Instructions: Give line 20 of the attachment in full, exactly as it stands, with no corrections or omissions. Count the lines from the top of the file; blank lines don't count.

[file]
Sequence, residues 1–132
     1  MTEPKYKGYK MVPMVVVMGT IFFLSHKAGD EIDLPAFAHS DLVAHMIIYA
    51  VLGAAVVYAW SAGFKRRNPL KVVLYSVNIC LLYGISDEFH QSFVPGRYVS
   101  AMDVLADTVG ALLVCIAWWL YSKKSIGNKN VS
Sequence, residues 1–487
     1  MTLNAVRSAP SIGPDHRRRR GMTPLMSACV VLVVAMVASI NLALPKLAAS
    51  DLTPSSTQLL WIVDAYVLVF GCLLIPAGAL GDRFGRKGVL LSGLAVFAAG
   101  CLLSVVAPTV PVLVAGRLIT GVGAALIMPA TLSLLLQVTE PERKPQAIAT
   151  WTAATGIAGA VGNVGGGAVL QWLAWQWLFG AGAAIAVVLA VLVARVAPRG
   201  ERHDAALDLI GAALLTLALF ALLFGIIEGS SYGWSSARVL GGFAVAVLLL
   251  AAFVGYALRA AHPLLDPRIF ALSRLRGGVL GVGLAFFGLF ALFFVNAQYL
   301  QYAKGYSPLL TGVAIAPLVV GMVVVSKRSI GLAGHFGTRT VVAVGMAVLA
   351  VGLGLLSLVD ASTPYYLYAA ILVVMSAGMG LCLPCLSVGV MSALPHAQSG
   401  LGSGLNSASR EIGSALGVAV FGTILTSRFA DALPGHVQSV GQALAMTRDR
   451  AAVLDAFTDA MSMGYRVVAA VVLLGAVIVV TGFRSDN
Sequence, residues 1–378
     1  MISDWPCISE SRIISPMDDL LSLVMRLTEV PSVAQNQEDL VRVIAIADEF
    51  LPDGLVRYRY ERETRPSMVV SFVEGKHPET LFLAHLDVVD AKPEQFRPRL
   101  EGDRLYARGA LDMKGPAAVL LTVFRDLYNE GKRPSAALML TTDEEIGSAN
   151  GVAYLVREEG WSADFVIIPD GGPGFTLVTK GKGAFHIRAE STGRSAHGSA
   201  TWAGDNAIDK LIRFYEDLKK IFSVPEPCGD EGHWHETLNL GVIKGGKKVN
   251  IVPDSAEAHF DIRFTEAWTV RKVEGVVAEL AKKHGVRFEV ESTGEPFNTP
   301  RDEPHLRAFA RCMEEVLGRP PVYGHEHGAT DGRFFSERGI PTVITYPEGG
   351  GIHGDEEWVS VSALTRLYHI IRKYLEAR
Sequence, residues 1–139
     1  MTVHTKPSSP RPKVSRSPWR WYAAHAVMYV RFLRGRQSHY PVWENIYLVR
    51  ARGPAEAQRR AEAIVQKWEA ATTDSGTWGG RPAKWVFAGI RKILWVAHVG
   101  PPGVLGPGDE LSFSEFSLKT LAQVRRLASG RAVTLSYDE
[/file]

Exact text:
   151  GVAYLVREEG WSADFVIIPD GGPGFTLVTK GKGAFHIRAE STGRSAHGSA